Mi Band

2016 Gift Guide Wearables
Gift Guide, Sports, Watches, Wearable Technology

Holiday Gift Guide – Wearables

2016 Gift Guide Wearables

Wearables seem to be going through a sophomore slump right now. They are at that awkward stage of the market where they are starting to find an audience, but that audience is beginning to gather underneath a few tentpoles. As a result, the periphery marketplace is collapsing. The bowing out of 4 major wearable makers (with others likely on the way) should not be read as a failure of the segment though. The tentpole companies are putting out really exciting products that people are clamoring for. The list below is sure to please anyone!  

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Business, Editorial, Wearable Technology

Wearables Were Mostly Absent from MWC 2016, Why?

Wearables Missing MWC 2016 Why Fail category dead mobile world conference fitness trackers smartwatches

Mobile World Conference in Barcelona is typically a showplace of the newest and best cell phones that companies have to offer. At the 2015 MWC though, you could have easily have thought it was a wearables trade show. Practically every company had a fitness tracker, a smartwatch, or another form of wearable technology on display. But at MWC 2016, there were barely any wearables to be found. What happened? And is this the writing on the wall, showing consumer and company interest in wearables is just not that high?  Or are there other factors at hand?

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2015 Gift Guide Activity Trackers Featured
Gift Guide

2015 Gift Guide: Activity Trackers

2015 Gift Guide Activity Trackers

Activity trackers are easily the most popular and most mature category of wearable technology. People love to quantify their daily movement. Fitbit, for example, is the number one wearable device maker, selling 11 million devices in 2014; They went public this summer and have a market cap of over $6 billion. Fitbit’s numbers don’t mean it’s the best fitness tracker though. 2015 saw a lot of new players entering the market while a lot of existing players pushed expectations of what your dollar could get you. As these trackers begin to include more and more connected functionality, such as notifications and payment abilities, at lower and lower prices, the segment is likely only to grow.

Whether you or a loved one are looking for a wearable to help you monitor your general fitness or need a connected device but aren’t ready for a smartwatch, we have assembled a list of the fitness wearables that most deserve your attention!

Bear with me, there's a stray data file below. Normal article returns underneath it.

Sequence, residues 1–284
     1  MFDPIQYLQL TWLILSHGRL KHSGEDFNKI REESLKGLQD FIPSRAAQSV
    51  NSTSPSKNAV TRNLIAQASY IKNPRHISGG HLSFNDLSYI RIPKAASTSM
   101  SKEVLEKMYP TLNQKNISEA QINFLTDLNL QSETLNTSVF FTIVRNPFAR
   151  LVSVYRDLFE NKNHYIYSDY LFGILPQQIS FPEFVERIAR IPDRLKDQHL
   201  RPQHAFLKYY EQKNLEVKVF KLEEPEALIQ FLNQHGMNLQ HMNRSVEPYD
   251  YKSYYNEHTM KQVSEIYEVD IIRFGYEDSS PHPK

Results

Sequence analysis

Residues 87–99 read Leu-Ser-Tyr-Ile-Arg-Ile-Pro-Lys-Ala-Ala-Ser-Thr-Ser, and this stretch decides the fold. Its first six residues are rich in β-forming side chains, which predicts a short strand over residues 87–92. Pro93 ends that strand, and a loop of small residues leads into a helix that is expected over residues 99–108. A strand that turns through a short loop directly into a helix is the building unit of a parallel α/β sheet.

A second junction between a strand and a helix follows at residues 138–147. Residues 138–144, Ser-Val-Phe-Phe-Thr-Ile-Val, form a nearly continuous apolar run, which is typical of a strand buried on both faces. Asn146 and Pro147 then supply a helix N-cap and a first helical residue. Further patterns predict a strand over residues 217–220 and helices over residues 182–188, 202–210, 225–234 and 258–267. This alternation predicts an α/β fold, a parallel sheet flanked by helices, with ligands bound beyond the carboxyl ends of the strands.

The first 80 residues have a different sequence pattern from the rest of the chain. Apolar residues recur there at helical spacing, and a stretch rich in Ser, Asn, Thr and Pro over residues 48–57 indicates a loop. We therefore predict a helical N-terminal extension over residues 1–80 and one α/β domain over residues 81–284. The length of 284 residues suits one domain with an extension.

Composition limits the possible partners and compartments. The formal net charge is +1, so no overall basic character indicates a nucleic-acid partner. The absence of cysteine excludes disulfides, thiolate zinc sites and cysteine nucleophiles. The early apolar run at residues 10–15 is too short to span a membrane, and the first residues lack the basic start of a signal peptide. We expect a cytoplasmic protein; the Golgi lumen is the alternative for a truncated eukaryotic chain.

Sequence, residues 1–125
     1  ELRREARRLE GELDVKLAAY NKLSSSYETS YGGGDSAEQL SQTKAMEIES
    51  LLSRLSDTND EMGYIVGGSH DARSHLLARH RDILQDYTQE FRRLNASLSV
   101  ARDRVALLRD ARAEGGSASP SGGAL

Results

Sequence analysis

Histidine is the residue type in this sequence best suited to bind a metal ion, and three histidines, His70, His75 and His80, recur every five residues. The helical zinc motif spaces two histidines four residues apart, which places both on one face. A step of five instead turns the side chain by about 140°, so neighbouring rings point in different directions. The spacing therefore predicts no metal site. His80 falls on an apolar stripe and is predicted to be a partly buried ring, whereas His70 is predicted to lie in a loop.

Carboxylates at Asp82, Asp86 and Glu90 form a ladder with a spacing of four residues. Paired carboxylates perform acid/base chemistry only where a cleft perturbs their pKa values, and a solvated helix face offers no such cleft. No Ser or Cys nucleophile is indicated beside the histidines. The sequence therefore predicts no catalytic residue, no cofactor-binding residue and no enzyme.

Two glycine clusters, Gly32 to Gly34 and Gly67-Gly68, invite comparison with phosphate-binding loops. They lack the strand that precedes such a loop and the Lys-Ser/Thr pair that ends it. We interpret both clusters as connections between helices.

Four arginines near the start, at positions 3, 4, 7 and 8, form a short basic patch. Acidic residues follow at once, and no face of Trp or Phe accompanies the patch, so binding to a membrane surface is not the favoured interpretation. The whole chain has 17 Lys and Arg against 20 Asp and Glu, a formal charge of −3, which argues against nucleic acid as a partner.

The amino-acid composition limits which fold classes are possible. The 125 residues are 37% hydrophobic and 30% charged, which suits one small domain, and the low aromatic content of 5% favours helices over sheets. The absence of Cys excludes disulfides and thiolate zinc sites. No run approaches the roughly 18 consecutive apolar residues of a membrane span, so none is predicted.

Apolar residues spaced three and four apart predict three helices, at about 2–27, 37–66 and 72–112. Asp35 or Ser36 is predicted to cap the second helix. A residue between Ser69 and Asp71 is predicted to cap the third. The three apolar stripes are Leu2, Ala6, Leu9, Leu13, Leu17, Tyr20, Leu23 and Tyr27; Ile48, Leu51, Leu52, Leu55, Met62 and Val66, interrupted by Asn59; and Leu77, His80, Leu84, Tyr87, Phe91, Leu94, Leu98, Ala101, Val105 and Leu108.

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Mi Band Pulse Xiaomi Activity Tracker Gift Guide 2015
Wearable Technology

$15 Mi Band Fitness Tracker Adds Heart Rate Monitor

Mi Band Pulse Xiaomi

Believe it or not, chances are you have never heard of the company responsible for selling a quarter of the world’s wearable devices (*based on Q1 2015 numbers). When you hear sales number like that, you think of Fitbit or Jawbone or maybe even Apple, but it is actually Chinese technology company Xiaomi. And the company hasn’t been at it very long either; they introduced their first wearable during the second half of 2014 – the bargain priced Mi Band. Well, a year later, Xiaomi has updated the Mi Band to include an Optical Heart Rate Monitor. For less than a Jackson ($15 or 99 Yuan) you can buy the Mi Band Pulse, a rubberized bracelet that tracks your activity and sleep patterns, alerts you to notifications / phone calls, and records your heart rate. For the time being, no other fitness tracker comes even close to competing on price / features. The wearable is compatible with both Android and iOS devices. Sadly there is no word on when Xiaomi plans to release the Mi Band Pulse outside of China and resellers are asking for a sizable premium on eBay.

Products such as Mi Band Pulse exemplify a larger trend in the wearable category. It seems that fitness trackers are in a race to the bottom. With entries such as Garmin and Misfit, people have begun to expecting more for less from their fitness trackers. When a $15 Mi Band Pulse offers extremely similar features to a $180 device (the Jawbone UP3), who is going to buy the $180 device. The feature set for fitness trackers can only expand so far and, beyond a phone app, there is very little software interaction by the end user. As long as it tracks your movement, one device is as good as another. Smartwatches, on the other hand, are rising in prices. This is partly due to the complexity of the wearable but also because buyers are expecting higher-end and higher-end finishes on the hardware. With such a complex device, there is a huge difference between a bargain brand and a higher end device. The software required to run a smartwatch and allow the user to interact with it needs to be very well thought out and executed near perfectly; unless you are licensing Android Wear, a tremendous amount of resources are required to achieve this. I think we will continue to see stratification between different types of devices in the wearable category and we are fascinated to see how the whole thing settles out over the next few years.

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